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Despite its problems, Thames Water still aims to pay £2bn in dividends over the next decade

Thames Water has said it does not pay dividends to shareholders, but pays internal sums to its parent company Kemble Water Holdings
Thames Water has said it does not pay dividends to shareholders, but pays internal sums to its parent company Kemble Water Holdings

It has been reported that, despite the company’s myriad of issues, Thames Water has asked the regulator to let it pay up to £2bn in distributions to its investors over the next decade as part of its business plan.

According to The Telegraph, the firm has told the industry regulator Ofwat that it would continue to reward shareholders despite the exponential threat of financial collapse.

The report alleged the payout plan totals up to £290m per year, amounting to £860m between 2025 and 2030. A period during which the company recently said it plans to hike customer bills by more than 40 per cent.

The report in the Telegraph said that Thames’ submitted plan to Oftwat these payments would continue until 2035.

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Ofwat does not distinguish between internal and external dividends. Still, last month, it announced new powers that could allow it to block dividend payments if they harm the financial health of already struggling water firms.

Thames Water has repeatedly said that it has not paid dividends to its shareholders since 2017, using the funds instead to make “critical investment we need to make in our systems and assets to improve resilience for the benefit of our customers, communities and the environment.”

Thames does, however, pay a dividend to its parent company, Kemble, to fund its debt obligations and working capital requirements.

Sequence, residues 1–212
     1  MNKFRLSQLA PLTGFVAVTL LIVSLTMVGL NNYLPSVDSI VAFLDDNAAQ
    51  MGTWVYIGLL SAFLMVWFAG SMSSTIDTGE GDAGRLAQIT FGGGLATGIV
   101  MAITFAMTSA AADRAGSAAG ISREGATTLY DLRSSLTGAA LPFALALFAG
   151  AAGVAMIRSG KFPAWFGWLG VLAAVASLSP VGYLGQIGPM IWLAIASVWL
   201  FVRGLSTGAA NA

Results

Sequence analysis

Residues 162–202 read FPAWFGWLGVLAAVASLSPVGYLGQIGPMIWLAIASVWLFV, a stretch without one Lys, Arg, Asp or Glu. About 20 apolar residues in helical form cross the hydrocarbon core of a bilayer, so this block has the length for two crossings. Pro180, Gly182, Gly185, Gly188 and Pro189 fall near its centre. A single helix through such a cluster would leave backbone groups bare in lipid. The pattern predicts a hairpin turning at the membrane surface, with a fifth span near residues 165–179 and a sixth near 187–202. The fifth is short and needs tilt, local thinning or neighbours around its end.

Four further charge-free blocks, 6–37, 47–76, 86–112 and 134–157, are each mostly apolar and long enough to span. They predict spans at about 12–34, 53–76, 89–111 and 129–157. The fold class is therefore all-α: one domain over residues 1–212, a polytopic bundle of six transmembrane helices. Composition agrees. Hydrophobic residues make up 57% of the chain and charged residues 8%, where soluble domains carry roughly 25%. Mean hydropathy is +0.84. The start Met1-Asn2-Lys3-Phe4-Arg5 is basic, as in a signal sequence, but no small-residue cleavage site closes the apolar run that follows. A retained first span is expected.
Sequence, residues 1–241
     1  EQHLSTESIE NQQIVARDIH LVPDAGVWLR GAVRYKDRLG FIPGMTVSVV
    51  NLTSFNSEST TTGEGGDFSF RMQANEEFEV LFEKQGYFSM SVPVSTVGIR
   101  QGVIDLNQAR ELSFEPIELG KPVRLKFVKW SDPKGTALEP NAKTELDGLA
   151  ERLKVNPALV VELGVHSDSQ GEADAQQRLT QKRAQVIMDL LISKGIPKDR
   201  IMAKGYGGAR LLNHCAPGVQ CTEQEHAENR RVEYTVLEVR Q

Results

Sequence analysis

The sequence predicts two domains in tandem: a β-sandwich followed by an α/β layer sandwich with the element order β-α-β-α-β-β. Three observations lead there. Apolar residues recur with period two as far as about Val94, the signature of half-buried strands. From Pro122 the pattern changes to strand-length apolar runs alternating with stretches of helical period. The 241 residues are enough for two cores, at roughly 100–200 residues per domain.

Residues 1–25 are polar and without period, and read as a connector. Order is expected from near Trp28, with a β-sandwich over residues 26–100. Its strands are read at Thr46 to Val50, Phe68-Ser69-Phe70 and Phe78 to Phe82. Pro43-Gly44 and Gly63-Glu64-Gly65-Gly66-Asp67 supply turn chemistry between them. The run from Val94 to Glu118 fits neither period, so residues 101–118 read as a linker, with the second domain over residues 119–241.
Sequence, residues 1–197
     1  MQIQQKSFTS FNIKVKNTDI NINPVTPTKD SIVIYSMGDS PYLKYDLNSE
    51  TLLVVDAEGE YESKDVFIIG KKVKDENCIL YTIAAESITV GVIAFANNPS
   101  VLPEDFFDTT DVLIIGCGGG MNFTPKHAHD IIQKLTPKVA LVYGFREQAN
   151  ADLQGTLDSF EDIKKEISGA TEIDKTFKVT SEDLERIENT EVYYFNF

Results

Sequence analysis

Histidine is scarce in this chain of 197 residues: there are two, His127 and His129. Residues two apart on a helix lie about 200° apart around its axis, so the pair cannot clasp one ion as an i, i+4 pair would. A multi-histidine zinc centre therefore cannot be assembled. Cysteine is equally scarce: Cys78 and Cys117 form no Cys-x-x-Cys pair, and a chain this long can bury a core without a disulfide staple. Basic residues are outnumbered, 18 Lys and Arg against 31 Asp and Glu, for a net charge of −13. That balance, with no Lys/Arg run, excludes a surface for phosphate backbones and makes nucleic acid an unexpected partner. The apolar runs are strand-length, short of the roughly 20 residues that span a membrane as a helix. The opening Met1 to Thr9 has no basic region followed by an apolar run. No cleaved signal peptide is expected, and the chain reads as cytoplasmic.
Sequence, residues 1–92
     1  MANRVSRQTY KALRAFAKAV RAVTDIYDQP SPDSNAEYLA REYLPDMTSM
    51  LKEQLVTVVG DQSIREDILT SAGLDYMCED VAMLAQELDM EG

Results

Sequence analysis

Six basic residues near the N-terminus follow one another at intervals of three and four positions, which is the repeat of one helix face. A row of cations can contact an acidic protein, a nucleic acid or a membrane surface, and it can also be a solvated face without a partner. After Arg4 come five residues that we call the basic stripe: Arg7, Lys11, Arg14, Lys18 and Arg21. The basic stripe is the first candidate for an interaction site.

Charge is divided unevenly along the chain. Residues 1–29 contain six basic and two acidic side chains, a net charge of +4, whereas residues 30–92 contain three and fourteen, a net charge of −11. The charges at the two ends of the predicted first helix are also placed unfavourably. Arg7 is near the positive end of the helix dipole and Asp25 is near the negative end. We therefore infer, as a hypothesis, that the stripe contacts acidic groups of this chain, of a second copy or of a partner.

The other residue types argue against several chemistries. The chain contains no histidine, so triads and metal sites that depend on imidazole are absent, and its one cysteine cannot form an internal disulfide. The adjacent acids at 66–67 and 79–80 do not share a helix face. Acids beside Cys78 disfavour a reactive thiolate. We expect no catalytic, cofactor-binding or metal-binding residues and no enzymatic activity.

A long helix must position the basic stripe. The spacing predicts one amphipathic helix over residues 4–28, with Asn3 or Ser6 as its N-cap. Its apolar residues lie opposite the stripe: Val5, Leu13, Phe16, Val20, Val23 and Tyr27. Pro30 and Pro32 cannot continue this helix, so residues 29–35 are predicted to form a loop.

An Ofwat spokesperson said: “Since October we have been in discussions with all companies, checking on their proposed plans and seeking further information.

“There has also been further information published in the last few months clarifying companies’ statutory commitments.

“Both these factors have required companies to review their proposed plans and revise their expenditure forecasts to reflect what would be required to fully comply with all statutory requirements.

“We note that Thames Water has now published an update to its business plan, and we will publish our draft view on companies’ plans on 12 June.”

In a cascade of news over the last few months, the utility provider’s situation has worsened. In March, the company had £500m of a proposed £750m shareholder injection pulled from under it.

Thames Water’s nine shareholders, the largest of which is the Canadian pension fund Omers, had indicated they were prepared to commit a total of £3.25bn over the coming years.

Days later, Thames’ parent company Kemble notified the holders of £400m ($505m) worth of its bonds that it did not pay the interest payments due on the loan at the outset of this month.

If Thames cannot convince Ofwat to approve the raising of its bills, amounting to around £627 per year by 2030 against the current level of £433, it risks running out of cash, making a government bailout more likely.

The government has remained silent on whether or not it will step in to save Thames should it eventually sink under its £18bn debt pile.

However, there have been signs that it might.

In January, the government quietly rearranged its special administration regime (SAR) framework, which was taken as a sign policymakers were preparing for the worst.

Additionally, a secret framework for a nationalisation plan, code-named Project Timber, was reported last week. A group of MPs, led by Liberal Democrat Sarah Olney, has previously called for the public to be made aware of the strategy.

A spokesperson for Kemble said: “Shareholders committed to supporting a further £3.25bn of investment on top of the £500m provided last year.

“They pledged not to take any dividends out of the business for themselves until a turnaround was delivered, and not before 2030 and any dividends paid by Thames would be used solely to finance the debt required to support the investment in the network.”